I have a drive—part of a RAID 1 mirror—that has two bad blocks. Adaptec Storage Manger e-mailed me when it detected the blocks. It shows 4 medium errors for that drive, but state is still “optimal”.

This is my first time using Adaptec RAID controllers. I don’t know if an occasional bad block is normal, or if I should immediately replace that drive.

Update: The drive failed later the same day!

The disk subsystem is:

  • Adaptec 6405 with ZMM
  • (2) Seagate near-line SAS drives (ST31000424SS)

The other drive hasn’t reported any bad blocks yet. I am running a consistency check.

Adaptec Storage Manager screenshot


When drives are used in an array, the controller will set Time Limited Error Recovery. This will cause disks to report medium errors if they can't immediately read the data. This doesn't mean that they will not recover from the read error, or that the sector is completely unreadable.
(Cheap SATA drives do not support TLER, and will cause the read operation to hang while the drive tries to recover the data; this is just one of many reasons cheaper SATA drives shouldn't bused in arrays; this of course doesn't apply to this particular question)

If the disk determines that the sector is unreadable, it will remap the sector. The original bad sector will not be reported up the chain, so software running on the OS has no way of knowing. The only thing you can do is lookup the SMART report and see if/how many sectors have been remapped. Many sectors being remapped is a good indication of bad things to come. SMART may also report how many times the disk has experience a soft error vs a hard error.

In any case, SMART pre-failure prediction has been less than helpful; a Google SMART Study backs that up.


Large drives have lots of extra space for moving bad sectors, I've seen hundreds of sectors replaced over the course of 2 weeks and then had the drive keep going for another month (RAID6 so we didn't rush).

If it keeps alerting you each day with a few more replaced sectors then I'd replace it before it fails. One burst of bad sectors when you first use the drive isn't scary at all but a continuing condition usually means particulates in the enclosure or a damaged read/write head.

  • Thanks. This is a new drive (2-1/2 months) and it reported the first bad block this morning. The second one came later after I started a consistency check, so I will just keep an eye on it and not assume it’s dying. :-) – Nate Jun 29 '11 at 17:34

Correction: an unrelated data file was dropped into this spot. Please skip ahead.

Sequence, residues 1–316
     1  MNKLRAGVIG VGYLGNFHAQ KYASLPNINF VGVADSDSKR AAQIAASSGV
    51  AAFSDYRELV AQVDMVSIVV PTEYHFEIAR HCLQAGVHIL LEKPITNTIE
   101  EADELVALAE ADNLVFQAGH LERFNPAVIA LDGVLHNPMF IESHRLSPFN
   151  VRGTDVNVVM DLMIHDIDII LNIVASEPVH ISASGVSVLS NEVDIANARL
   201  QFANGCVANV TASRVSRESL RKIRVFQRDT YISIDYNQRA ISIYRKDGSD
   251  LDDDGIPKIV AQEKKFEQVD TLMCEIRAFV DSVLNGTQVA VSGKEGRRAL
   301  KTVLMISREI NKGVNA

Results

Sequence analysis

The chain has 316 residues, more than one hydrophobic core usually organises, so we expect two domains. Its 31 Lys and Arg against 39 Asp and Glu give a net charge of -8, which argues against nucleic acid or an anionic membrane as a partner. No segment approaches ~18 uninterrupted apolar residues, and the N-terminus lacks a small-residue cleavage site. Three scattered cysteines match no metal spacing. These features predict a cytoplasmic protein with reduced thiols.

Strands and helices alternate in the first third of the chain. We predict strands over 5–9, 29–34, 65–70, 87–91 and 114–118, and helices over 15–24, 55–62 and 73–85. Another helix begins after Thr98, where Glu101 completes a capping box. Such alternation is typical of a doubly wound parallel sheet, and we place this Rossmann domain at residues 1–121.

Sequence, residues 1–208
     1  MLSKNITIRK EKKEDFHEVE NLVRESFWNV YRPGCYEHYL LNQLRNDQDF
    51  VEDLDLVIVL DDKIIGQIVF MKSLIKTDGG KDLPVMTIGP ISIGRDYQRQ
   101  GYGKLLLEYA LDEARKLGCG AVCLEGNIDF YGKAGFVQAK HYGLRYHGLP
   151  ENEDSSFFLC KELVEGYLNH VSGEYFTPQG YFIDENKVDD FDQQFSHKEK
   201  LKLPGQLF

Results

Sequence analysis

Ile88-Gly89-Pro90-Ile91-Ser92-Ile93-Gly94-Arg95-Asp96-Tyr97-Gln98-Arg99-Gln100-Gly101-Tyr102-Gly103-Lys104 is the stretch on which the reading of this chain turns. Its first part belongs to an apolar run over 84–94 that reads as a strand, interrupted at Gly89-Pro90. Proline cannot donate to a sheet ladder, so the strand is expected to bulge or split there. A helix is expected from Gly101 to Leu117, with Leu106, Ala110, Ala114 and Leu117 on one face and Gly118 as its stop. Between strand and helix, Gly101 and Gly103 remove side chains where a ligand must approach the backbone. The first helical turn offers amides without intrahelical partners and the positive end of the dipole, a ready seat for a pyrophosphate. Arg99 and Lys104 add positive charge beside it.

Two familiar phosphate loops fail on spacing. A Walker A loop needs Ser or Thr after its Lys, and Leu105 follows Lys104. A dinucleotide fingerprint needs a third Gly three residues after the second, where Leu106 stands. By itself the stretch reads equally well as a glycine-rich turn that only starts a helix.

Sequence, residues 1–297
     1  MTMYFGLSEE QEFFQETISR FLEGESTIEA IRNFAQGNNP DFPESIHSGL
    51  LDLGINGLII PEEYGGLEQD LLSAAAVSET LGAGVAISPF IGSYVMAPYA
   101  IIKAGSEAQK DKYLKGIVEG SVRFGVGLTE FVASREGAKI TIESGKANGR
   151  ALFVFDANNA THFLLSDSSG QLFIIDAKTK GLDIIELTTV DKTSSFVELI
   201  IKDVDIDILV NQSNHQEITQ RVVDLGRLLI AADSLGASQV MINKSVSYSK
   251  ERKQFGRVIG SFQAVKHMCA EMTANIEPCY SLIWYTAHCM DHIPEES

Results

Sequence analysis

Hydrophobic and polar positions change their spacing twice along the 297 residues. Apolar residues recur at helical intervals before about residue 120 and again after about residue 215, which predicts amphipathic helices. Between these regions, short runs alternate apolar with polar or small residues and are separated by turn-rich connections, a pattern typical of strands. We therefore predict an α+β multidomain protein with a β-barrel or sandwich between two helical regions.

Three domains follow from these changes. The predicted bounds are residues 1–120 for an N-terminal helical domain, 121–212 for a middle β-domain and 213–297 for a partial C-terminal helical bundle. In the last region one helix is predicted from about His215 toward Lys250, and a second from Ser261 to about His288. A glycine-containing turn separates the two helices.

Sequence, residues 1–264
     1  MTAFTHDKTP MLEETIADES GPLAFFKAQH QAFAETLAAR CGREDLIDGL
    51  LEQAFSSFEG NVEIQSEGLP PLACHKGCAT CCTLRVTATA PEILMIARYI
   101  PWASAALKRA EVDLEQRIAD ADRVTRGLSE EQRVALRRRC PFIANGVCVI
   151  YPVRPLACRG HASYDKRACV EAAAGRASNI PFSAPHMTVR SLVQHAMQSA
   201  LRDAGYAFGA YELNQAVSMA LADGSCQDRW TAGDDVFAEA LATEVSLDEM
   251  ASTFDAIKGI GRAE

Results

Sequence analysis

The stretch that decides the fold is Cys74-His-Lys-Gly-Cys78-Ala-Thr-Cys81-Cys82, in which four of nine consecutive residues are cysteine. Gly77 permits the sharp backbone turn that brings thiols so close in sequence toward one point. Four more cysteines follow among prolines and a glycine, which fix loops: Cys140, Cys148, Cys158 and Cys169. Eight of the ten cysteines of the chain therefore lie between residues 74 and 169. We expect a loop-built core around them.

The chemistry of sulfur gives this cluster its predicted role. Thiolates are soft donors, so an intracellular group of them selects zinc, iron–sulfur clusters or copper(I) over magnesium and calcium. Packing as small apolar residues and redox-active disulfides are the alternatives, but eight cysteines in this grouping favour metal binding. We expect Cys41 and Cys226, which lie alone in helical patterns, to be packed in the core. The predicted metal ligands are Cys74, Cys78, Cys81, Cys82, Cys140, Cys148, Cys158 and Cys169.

I have not used SAS drives, but I have had regular SCSI drives and IDE drives that get a few bad blocks and then work for years without any other problems. The S.M.A.R.T. status should tell you when a drive is declining and risking failure.

Also, as long as you are using RAID, other than RAID 0, then you are protected in case of a failure.

  • Good to know it doesn’t necessarily mean the drive is going bad. But I’ve heard that a lot of drives still fail even if S.M.A.R.T. doesn’t report a problem. Fortunately it is mirrored (and backed up frequently). – Nate Jun 29 '11 at 16:47
  • Yeah, SMART is a nice idea, but over the years I would say I've only actually seen it predict about 10% of drive failures. The point was that SMART predicts future failures and bad blocks do not. – James Jun 29 '11 at 17:15

I don’t usually answer my own question, but in this case I have a definitive answer: replace the drive ASAP. The drive in question failed later the same day.

In the early AM hours I had received three e-mails that looked like the following. That’s how I knew the drive had bad blocks, and was the only warning:




Event Type   : Warning
Event Source    : storage@HV2.domain.local
Date     : 06/29/2011
Time     : 05:29:03 AM PDT

Event(s) List With Description
Bad Block discovered: controller 1 (21a6e00).

**[Note]:   This message was generated by the Adaptec Storage Manager Agent.
Please do not reply to this message.

By the end of the day, it had failed.

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